This year’s Consumer Electronics Show has seen another big announcement from Intel.
First of all, the main news was the big Ultrabook push, but now Intel has also revealed its strategy for getting back into the mobile market, which is currently totally dominated by Arm.
Both Lenovo and Motorola have partnered up with Intel to produce Android smartphones, and indeed tablets, based on the chip manufacturer’s new “Medfield” Atom processors.
These mobile CPUs offer low power requirements and efficiency levels to rival Arm, Intel claims, and several smartphones loaded with the new processors will hit the market this year.
Intel has signed a multi-year and multiple device partnership with Motorola, and Lenovo is set to roll out a new handset based on Medfield in China come the second quarter of this year.
The Lenovo K800 will have the Intel Atom Z2460 processor running at 1.6GHz on board, with a 4 inch LCD high-res display. Twin cameras are promised, one of them an 8 megapixel snapper with a burst mode that captures 15 images per second.
The OS will be Ice Cream Sandwich, naturally.
Motorola’s first Atom-powered Android handsets will ship in the second half of 2012.
Sanjay Jha, Chairman and CEO of Motorola Mobility, commented: “We are delighted to be partnering with Intel to deliver smartphones and tablets based on Intel’s Atom processor to consumers and businesses.”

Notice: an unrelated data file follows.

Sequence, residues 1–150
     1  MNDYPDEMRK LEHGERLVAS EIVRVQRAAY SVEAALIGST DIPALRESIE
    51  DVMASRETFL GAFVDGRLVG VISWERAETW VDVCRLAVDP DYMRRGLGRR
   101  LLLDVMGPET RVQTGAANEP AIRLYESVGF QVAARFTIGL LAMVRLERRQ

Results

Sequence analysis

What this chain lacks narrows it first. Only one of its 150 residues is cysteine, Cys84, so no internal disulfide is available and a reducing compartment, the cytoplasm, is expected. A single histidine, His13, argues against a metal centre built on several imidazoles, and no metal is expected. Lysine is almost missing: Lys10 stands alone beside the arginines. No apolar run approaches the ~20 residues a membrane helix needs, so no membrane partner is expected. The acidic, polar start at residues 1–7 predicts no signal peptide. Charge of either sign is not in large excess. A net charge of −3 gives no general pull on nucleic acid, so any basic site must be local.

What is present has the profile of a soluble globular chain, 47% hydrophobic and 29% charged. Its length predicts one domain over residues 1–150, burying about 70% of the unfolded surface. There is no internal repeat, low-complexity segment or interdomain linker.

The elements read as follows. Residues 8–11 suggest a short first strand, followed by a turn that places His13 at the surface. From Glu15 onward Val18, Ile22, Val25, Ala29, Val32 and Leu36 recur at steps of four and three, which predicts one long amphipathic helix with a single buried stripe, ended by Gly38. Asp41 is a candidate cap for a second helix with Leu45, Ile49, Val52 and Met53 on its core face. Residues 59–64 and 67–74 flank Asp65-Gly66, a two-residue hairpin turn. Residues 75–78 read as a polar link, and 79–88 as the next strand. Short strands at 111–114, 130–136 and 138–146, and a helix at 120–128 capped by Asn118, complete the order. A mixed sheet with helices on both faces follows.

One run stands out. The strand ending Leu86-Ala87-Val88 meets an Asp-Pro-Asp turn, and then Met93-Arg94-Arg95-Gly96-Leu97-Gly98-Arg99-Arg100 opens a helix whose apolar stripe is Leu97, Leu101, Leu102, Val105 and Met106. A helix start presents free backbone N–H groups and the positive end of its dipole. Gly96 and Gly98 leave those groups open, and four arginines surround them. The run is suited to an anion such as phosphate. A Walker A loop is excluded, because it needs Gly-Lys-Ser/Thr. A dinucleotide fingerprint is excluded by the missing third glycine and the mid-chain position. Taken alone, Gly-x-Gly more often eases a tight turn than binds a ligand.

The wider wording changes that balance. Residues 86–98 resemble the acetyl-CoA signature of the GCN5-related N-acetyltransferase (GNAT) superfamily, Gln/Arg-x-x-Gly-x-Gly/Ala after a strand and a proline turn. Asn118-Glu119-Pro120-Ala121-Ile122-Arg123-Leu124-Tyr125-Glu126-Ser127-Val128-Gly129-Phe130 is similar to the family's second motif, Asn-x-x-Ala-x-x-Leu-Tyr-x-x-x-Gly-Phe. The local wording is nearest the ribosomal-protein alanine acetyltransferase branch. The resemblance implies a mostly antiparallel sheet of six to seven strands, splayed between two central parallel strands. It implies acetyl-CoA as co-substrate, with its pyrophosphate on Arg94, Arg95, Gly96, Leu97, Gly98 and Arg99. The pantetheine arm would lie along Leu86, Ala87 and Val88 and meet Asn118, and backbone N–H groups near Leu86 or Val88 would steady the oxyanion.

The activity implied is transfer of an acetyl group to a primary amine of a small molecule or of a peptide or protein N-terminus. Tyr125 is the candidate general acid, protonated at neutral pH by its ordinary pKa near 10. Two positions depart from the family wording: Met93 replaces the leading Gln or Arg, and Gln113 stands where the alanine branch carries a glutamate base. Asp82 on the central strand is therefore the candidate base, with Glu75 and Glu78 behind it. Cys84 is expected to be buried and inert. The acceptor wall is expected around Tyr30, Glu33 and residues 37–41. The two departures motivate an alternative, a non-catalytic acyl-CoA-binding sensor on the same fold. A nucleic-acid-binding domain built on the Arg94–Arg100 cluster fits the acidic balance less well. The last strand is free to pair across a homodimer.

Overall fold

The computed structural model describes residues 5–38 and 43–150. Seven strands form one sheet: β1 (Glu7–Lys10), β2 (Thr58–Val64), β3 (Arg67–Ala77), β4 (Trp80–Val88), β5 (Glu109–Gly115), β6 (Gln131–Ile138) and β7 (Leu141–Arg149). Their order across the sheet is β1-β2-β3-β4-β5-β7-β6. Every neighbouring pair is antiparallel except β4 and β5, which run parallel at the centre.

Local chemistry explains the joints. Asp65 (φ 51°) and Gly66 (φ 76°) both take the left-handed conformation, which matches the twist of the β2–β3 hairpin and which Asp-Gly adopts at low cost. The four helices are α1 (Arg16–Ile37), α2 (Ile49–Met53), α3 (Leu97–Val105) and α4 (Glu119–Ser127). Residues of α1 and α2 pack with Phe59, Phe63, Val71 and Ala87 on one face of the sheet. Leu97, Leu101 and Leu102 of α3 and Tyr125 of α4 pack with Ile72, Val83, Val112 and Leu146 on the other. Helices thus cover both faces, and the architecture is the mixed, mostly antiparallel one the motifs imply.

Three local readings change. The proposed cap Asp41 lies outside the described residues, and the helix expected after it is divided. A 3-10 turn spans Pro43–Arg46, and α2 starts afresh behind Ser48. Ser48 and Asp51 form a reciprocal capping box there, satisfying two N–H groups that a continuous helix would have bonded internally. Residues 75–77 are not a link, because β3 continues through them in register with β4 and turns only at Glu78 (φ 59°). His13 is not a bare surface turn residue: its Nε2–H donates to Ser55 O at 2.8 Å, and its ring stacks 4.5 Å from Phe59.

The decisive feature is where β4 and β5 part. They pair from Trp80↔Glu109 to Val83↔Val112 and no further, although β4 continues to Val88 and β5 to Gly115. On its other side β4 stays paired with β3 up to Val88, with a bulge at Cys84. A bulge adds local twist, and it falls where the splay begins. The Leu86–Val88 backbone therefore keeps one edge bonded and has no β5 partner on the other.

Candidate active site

“Though there are 5 billion mobile subscribers in the world, less than 800 million are using a smartphone today. With Android as the leading smartphone OS globally and advancements in computing technology we see tremendous opportunity for the converged devices market.”
As well as the attention for Android, Intel Atom tablets were also shown running Windows 8 at CES.
Whether Intel is too late in properly arriving at the mobile CPU party, we shall have to see. We guess it will really depend on how Medfield performs in these real world handsets (and slates) in terms of speed and battery life, which we won’t find out until later this year.
The company certainly needs to carve out some turf in the mobile territory, however, given the cannibalisation of the PC market by tablets, and the massive rise in smartphone ownership in general.